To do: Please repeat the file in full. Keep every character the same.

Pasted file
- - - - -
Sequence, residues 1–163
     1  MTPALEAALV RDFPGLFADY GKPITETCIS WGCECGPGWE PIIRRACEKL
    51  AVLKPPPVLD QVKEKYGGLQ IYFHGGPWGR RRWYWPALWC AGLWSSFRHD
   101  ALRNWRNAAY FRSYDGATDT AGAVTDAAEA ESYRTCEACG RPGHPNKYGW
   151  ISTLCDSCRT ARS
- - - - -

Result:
Sequence, residues 1–163
     1  MTPALEAALV RDFPGLFADY GKPITETCIS WGCECGPGWE PIIRRACEKL
    51  AVLKPPPVLD QVKEKYGGLQ IYFHGGPWGR RRWYWPALWC AGLWSSFRHD
   101  ALRNWRNAAY FRSYDGATDT AGAVTDAAEA ESYRTCEACG RPGHPNKYGW
   151  ISTLCDSCRT ARS